The Godfather: Peter Corris on The Runner
I’m not ashamed of any of the books I’ve written, although I am more proud of some than others. But there is a book I would have liked to write but won’t.
I have in my head a story about a professional foot-runner in late 19th-century Australia: Paddy Mahony, obviously of Irish, possibly convict, heritage. An attractive man in his early 20s (I can never understand why writers choose to deal with unattractive protagonists, unless they have the charisma, say, of Hannibal Lecter), Paddy has won a number of professional footraces in the Australian colonies and is in training for a major event – the Clontarf Gift, a race to celebrate the visit of Prince Albert, Duke of Edinburgh and second son of Queen Victoria. The race, to be held in conjunction with a picnic at Clontarf which the prince is to attend, carries a prize of 1000 guineas.
At the time, professional foot racing , though popular, is thoroughly corrupt, with participants running dead in events to boost their handicaps and bumbling connections bribing runners, officials and track preparers to produce results to their advantage.
Paddy has steered clear of all this but he has two pressing problems. One, he is in love with Lucy Colino, who is part Aboriginal. Racism is rampant in the sport at the time and Paddy is nervous about the connection with Lucy and with her brother Henry, who, acting as his trainer, has helped him to achieve his present level.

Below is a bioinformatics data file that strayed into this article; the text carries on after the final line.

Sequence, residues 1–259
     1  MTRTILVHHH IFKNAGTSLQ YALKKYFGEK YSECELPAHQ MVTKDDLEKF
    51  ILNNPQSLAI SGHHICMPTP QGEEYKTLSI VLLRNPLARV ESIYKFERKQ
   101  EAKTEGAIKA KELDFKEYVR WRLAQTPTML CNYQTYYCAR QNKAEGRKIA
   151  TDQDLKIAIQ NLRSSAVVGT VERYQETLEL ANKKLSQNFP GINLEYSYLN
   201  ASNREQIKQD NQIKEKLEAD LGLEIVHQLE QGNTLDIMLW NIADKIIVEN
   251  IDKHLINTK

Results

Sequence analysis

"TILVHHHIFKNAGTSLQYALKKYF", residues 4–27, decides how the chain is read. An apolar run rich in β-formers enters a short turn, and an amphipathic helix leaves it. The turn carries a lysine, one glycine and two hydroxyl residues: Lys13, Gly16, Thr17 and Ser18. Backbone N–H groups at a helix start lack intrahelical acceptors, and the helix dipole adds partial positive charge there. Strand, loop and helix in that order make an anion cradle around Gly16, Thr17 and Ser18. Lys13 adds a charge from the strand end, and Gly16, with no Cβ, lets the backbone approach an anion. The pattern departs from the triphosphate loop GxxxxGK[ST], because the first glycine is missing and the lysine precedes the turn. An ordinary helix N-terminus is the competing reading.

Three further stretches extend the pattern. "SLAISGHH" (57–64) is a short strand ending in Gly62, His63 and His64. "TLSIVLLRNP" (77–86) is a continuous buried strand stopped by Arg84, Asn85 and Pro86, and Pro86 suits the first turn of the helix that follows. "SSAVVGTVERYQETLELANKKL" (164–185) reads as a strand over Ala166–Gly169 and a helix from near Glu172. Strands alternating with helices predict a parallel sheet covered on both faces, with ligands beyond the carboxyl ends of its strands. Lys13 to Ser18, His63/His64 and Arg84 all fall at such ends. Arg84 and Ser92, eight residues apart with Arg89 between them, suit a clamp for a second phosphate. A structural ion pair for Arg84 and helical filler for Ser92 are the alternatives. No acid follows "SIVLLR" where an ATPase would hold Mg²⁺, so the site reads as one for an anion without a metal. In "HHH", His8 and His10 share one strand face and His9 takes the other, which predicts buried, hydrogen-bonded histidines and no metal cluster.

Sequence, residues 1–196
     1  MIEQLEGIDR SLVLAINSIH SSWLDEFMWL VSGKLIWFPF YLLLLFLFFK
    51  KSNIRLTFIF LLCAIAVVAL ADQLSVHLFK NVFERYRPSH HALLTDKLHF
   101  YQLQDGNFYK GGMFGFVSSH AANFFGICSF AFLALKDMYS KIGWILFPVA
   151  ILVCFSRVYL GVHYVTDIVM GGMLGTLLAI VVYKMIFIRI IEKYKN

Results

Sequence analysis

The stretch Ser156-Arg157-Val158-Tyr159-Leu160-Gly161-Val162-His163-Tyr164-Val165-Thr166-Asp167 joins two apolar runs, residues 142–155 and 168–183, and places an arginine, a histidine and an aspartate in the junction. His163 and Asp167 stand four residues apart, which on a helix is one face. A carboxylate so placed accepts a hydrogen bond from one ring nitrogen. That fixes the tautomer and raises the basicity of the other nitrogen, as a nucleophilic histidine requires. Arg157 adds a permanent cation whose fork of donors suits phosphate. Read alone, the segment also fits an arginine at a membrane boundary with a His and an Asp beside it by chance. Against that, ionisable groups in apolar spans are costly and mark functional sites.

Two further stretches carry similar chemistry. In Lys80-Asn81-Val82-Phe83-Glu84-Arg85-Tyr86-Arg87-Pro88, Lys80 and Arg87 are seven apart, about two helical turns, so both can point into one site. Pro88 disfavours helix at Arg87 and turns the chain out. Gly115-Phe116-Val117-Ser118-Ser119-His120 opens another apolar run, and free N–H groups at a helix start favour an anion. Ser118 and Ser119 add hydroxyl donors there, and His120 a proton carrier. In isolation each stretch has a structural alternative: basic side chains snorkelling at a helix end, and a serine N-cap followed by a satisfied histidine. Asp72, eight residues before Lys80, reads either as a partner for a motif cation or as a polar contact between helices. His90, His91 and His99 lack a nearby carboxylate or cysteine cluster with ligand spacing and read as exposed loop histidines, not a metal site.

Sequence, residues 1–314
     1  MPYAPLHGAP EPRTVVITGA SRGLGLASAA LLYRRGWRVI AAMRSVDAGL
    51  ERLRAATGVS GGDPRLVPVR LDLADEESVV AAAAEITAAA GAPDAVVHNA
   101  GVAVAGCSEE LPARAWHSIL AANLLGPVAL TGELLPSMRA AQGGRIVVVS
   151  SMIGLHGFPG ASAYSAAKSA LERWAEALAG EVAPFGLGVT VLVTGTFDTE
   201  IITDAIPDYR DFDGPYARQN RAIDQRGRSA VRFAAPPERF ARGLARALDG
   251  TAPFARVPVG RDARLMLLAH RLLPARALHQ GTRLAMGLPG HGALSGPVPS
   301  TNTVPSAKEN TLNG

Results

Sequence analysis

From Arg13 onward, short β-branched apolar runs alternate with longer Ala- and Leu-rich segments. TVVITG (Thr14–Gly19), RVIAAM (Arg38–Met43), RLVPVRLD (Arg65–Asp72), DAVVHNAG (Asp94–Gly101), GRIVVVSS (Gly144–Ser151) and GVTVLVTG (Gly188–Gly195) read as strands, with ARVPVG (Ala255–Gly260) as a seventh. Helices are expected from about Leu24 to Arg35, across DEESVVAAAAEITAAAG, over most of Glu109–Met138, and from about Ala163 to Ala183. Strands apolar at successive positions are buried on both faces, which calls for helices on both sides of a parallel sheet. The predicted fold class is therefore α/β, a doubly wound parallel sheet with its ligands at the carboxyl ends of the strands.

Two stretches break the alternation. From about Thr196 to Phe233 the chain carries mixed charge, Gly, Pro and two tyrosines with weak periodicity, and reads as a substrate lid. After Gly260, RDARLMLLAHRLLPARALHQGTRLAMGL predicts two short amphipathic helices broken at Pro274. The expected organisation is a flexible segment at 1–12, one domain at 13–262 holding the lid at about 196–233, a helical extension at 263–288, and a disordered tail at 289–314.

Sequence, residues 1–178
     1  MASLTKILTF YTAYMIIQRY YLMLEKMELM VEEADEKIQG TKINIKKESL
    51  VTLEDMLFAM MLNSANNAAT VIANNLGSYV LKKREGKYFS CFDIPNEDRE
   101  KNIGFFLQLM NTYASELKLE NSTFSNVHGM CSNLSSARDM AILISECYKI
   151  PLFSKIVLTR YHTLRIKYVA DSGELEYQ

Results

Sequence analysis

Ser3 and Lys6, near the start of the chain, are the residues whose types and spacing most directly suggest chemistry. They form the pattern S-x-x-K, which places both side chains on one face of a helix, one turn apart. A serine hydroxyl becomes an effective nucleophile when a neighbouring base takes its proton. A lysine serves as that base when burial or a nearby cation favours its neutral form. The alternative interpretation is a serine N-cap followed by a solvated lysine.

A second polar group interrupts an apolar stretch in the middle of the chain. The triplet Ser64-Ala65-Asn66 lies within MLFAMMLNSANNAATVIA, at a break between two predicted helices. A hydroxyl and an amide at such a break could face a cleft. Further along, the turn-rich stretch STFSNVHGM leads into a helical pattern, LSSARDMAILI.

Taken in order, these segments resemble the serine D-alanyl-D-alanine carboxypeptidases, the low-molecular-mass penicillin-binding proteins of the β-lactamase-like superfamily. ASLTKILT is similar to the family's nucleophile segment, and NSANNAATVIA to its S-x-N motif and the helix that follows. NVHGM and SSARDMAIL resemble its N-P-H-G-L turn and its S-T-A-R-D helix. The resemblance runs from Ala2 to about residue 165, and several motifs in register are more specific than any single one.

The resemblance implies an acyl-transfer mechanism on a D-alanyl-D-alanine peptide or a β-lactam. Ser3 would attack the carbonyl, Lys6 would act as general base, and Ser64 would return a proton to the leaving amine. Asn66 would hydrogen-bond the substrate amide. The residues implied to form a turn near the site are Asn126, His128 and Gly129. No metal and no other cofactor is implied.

The Colinos pass themselves off as Spanish but there are rumours …
Paddy’s second problem is with his own family; his father is dead but his uncle, Dermot, is a Fenian, a radical Irish nationalist involved in a plot to assassinate the royal visitor – the presenter of the prize Paddy is expected to win.
Pressure is put on Paddy from two quarters – from racist opponents threatening to expose his Aboriginal connections if he wins, and from Fenians threatening to kill him unless he wins and, at the crucial moment, contrives to present the royal personage as a target …
I like the cast of characters. I like the sporting milieu, which I’ve written about in other places. I like the feelings of racial tension balanced against the anti-British, anti-monarchist sentiments of the Irish underclass. I imagine myself poking fun at the slavish adulation of royalty at the time – an adulation not totally diminished now. I can feel the torment of the individuals at the centre of this maelstrom.
The outcome of the assassination plot is well known, a matter of history, but the effects of its planning and execution on people tangentially involved is up for grabs for the novelist.
But, now, in 2017, I can’t write the book. It would take a great deal of research to provide credible detail for all these backdrops – sporting culture in late 19th-century New South Wales; racial attitudes at the time; Irish attitudes and the Establishment’s awareness and precautions. Hours, weeks of delving into Trove, which I would have enjoyed when younger. I haven’t the eyesight to conduct the research or the energy to construct the fictional scaffolding. Pity.